Less funding for teachers’ lounges


Director of Public Relations and Marketing Communications Jennifer Kramer made a cup of tea in a break room in Moulton Hall Tuesday, Oct. 25. A new policy requires faculty and staff to buy their own coffee and tea. Photo by Monica Maschak.

Kelly Tunney

Due to revisions in Kent State’s hospitality policy, students and faculty may see restrictions in what activities university funds will cover.

The changes clarify the funding allowed for entertainment purposes, along with food and beverage consumption.

Anne Brown, associate vice president for business and administration services, said one of the biggest changes in the policy is that the university will no longer provide faculty with food and beverages in the office.

“We have to be very careful as a public institution about the use of funds for private consumption, so that’s why that came under attention,” Brown said.

An event is considered hospitality if it is for the purpose of reception and entertainment of visitors and guests of university. If the event falls under the coverage of the university, the cost of food, non-alcoholic beverages, entertainment and other miscellaneous costs will be covered by university funds.


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Stanley Wearden, dean of the College of Communication and Information, said the policy is not meant to abolish food and entertainment; it is mainly to clarify who is paying for the food and entertainment.

“There is not a problem with having food and beverages; the problem is if it’s being paid for out of the operating budget,” Wearden said. “We really need to make sure that it’s appropriate use of those funds.”

Brown said the revision also clarifies violations to the policy.

“There wasn’t anything that addressed that in the previous policy,” she said. “If somebody is found to be in violation of the policy, they may be required to reimburse the university for the funds, and there could be disciplinary action.”

The business and administration services office had been working on the revisions for around two years, Brown said. A first draft was sent through several offices including the business and finance division, the president’s cabinet and several academic offices before a final draft was approved.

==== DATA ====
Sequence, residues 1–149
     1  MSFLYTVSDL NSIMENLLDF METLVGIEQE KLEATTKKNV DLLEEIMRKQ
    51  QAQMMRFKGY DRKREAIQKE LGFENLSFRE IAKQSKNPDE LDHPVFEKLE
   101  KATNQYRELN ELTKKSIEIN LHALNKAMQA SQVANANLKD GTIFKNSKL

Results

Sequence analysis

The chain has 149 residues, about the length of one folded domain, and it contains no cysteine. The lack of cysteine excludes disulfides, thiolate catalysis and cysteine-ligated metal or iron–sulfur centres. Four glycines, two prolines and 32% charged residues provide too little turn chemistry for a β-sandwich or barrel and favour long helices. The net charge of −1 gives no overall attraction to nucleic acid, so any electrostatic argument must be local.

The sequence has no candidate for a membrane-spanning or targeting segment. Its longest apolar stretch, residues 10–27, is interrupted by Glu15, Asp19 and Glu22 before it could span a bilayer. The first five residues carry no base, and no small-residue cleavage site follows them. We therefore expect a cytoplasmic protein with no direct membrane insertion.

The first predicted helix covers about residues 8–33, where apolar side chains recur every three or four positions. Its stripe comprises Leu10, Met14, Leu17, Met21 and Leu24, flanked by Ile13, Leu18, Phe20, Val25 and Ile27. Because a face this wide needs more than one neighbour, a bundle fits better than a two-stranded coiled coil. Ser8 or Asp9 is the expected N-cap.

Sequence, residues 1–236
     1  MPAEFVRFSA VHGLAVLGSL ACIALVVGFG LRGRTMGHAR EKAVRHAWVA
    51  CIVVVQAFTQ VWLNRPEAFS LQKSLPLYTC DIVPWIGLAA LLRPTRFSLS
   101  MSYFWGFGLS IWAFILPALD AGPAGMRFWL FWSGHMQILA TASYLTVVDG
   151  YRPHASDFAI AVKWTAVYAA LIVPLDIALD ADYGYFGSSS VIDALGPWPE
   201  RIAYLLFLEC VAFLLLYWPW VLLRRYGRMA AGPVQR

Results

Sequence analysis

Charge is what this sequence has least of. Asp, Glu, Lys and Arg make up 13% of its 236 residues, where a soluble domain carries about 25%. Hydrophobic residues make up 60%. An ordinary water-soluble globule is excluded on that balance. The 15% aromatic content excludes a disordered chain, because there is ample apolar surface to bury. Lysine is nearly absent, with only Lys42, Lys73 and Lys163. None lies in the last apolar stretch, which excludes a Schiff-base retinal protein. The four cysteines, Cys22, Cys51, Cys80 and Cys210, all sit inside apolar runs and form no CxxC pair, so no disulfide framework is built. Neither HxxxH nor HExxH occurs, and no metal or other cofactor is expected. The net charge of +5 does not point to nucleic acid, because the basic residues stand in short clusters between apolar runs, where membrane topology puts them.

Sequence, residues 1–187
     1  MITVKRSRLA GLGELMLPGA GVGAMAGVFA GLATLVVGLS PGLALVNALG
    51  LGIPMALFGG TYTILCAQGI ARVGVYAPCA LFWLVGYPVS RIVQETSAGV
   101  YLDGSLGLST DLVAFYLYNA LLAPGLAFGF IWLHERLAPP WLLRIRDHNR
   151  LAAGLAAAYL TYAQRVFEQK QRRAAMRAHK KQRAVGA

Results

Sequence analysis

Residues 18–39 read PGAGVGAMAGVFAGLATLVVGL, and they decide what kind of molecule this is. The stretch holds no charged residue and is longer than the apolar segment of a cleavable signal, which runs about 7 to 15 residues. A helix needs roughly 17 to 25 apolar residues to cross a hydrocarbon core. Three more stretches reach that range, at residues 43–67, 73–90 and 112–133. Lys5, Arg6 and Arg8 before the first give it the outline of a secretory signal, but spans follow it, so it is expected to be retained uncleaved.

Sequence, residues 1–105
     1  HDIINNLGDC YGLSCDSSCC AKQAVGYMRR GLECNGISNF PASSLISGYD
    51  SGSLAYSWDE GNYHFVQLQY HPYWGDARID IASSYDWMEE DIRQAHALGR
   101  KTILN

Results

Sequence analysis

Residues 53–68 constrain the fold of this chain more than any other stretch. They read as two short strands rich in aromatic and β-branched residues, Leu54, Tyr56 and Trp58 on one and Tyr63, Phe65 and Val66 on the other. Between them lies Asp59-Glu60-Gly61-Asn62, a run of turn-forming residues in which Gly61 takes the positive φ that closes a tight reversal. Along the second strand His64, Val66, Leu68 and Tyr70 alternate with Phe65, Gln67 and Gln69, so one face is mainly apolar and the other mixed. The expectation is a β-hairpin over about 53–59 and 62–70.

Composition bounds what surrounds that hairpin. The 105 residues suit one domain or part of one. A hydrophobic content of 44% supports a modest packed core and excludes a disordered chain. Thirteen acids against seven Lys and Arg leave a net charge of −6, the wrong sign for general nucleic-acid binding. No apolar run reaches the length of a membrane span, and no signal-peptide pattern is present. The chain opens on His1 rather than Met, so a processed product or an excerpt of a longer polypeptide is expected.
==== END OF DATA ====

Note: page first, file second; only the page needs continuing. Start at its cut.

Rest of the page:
“It took a long time because of other priorities that we were trying to shuffle at the same time, but we wanted to try to be as thorough as possible to consider different perspectives,” Brown said. “And we’re still working through that.”

Daniel Mahony, dean of the College of Education, Health and Human Services, was one of the deans who was asked to provide feedback to a draft of the policy. He said being able to provide input gave the policy a better chance of fitting the needs of the staff.

“I think the policy they came up with was better because of that,” he said. “Because we had the opportunity to say, ‘OK, this will work for us, and this won’t, here are some of the issues we have currently.’”

Mahony said the biggest impact of the revisions is the clarification of the policy’s terms.

“I think it just made it easier for us to plan, ‘OK, how much can we spend given the size of the group we expect to be at that meeting,’” he said. “I think it just clarified things; I don’t think it has really changed what we do on a day-to-day basis.”

Along with the changes to the policy, Wearden said he developed a pre-approval form for faculty in CCI who want to sponsor an activity that they think could be paid for by the university funds.

“I just don’t want to find faculty or staff in the position of having gone out and bought supplies and food for some sort of event only to find out that we can’t reimburse them for it and they are stuck with that out-of-pocket expense,” he said.

Wearden said the policy revisions provide a way for the university to make appropriate choices with student tuition and taxpayer money.

“There is this perception that it’s this horribly draconian thing that is going to make everyone’s lives miserable,” he said. “It’s really not that big of a change. It’s just an adjustment to make sure that we’re always being responsible and accountable for the way that we spend tuition dollars and tax dollars, and particularly in this economy.”

Contact Kelly Tunney at [email protected].